Paddling days on the Rursee:

It’s that time of the year when I crave to get back out onto the water again – however, this year it’s different unfortunately. Whilst normally I’d be cheerily loading up kayaks onto the roof bars on a weekend, I’m now frustratingly confined to shore due to a knee injury. Indeed, this is despite persistent calls from my son, which it has to be said, is quite a piece of role reversal. For someone who loves being on the water, this can certainly be dispiriting, though I’m confident it’s just a matter of time before normal service is resumed; let’s certainly hope that’s the case.

In Scotland, where I first started sailing and then canoeing, we were pretty spoiled from a water sports perspective, given the sheer availability of water everywhere in the Scottish landscape – whether it be lochs, rivers or sheltered coastal locations. Ok, so Scottish water might certainly not be the warmest; I remember deliberately capsizing in Loch Tay as part of an open canoe rescue course one freezing February day, when the water was a balmy 2 degrees C – never again ! (at least not without a wetsuit that is).

Although there aren’t too many paddling possibilities around Aachen, the saving grace in this region is the Rursee; one of a series of large reservoirs constructed during the 1930s along the valley of the River Rur been Monschau and Heimbach, for supplying water and hydropower to adjacent urban districts to the north. The Rursee lies within the hilly and forested Eifel region and partly within the Eifel National Park area itself. In fact it’s only a 40 minute drive up the road to get there, making it a very doable and pleasant excursion for an afternoon or evening.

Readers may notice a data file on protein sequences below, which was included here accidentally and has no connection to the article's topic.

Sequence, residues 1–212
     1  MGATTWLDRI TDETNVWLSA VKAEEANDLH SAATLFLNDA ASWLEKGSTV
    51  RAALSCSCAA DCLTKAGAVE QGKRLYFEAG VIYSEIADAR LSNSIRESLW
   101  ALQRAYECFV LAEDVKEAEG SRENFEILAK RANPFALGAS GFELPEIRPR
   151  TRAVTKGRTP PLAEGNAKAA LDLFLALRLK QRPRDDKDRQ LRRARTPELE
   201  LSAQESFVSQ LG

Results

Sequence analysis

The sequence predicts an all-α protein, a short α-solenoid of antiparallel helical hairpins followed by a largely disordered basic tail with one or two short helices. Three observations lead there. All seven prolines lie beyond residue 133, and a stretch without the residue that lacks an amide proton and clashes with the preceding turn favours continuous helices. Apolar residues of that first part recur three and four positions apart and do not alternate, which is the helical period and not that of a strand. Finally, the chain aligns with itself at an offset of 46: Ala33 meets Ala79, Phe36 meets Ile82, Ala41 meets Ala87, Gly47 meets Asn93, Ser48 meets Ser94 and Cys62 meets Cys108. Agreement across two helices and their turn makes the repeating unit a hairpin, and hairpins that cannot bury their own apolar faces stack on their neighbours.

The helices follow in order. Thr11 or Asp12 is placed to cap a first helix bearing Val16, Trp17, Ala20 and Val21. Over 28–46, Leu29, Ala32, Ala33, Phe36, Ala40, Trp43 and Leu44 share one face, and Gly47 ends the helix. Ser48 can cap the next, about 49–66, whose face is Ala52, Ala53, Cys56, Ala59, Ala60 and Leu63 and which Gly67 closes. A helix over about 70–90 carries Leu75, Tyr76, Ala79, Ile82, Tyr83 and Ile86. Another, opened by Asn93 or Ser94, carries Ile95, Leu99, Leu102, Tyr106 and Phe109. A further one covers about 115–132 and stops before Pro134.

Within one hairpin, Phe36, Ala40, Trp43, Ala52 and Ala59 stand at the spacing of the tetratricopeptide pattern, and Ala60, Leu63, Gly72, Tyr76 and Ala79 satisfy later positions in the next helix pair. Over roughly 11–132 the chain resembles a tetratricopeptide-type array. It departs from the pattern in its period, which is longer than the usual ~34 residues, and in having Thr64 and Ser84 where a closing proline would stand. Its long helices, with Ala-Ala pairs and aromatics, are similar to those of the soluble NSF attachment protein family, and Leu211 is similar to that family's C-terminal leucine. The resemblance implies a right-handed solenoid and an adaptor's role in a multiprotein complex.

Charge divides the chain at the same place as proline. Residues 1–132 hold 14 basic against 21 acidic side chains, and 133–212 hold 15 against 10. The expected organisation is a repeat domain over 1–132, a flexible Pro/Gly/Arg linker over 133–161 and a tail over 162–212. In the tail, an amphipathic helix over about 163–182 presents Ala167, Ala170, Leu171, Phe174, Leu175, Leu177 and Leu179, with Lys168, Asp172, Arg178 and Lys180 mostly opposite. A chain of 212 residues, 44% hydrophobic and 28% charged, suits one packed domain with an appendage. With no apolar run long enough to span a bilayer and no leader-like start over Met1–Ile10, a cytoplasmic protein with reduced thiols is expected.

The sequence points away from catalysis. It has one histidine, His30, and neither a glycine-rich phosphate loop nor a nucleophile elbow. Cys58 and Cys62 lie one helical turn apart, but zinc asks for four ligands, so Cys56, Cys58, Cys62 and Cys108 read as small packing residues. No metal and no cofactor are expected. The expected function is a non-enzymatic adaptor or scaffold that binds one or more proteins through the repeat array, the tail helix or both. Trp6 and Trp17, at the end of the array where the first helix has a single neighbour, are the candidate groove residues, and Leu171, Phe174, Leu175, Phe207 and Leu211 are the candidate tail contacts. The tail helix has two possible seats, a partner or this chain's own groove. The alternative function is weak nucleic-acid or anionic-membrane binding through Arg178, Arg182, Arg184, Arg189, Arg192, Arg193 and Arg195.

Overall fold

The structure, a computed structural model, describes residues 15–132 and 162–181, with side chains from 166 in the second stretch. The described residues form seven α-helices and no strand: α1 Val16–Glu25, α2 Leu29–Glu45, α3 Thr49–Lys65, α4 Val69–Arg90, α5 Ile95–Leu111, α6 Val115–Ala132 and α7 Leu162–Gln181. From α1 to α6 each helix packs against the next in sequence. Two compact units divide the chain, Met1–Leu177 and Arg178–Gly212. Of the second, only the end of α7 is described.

Over the last few years, I’ve often dragged (sometimes reluctant) family members and an assortment of paddling buddies and our kids’ pals up there for chilled-out (and occasionally more challenging) sessions on the water. Here’s a selection of images, including our friends Lamar and Pehr, who’ve quite certainly gotten into the spirit of these watery adventures, whether in open canoe, kayak or inflatable boats

Last year, I bought my son Kai his very own kayak – after spinning around in circles for quite a while (and getting extremely frustrated), he’s now taken to it like a duck to water. We’ve found evening trips by far the best time to visit the Rursee – by that hour, the day trippers have largely packed up and gone home for the day, the pleasure cruisers and overzealous rescue boats have finished their shifts (though we do like playing in the waves they create) and there’s generally a more peaceful vibe about the place. In fact you can often get the whole lake to yourself, save for a few sailing boats which drift peacefully by.

So, let’s hope that we can get out on the water and enjoy that evening calm again soon. We just can’t wait…

This entry was posted in Aachen & Euregio, Canoe Trips, In Europe, Wild Places and tagged , , , , , , . Bookmark the permalink.

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